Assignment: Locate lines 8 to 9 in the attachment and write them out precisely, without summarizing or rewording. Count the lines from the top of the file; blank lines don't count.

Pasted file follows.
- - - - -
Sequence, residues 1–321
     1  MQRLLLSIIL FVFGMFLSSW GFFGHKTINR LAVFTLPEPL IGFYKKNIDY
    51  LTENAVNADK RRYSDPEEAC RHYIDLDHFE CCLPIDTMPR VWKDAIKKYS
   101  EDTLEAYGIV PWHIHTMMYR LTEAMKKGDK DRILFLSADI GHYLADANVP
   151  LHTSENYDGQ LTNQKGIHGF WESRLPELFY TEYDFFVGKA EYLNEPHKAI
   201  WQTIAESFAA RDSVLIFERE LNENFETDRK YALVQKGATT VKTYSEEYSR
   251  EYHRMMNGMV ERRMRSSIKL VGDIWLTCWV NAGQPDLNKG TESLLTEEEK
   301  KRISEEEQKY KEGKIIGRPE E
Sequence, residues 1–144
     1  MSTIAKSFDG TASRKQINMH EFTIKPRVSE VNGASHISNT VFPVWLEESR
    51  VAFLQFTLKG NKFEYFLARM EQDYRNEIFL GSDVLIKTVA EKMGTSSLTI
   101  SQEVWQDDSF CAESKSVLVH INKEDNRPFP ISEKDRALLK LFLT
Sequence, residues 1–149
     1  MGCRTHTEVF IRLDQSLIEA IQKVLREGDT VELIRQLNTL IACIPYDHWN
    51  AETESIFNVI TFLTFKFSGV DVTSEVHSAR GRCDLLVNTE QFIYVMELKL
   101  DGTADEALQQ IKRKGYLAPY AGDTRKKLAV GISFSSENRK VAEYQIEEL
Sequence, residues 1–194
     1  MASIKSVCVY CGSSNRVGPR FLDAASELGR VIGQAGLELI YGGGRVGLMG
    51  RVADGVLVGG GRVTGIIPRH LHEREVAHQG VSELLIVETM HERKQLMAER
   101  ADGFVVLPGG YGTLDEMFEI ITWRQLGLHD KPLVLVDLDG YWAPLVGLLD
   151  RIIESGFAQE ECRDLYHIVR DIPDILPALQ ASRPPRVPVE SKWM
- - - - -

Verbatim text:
   301  KRISEEEQKY KEGKIIGRPE E
Sequence, residues 1–144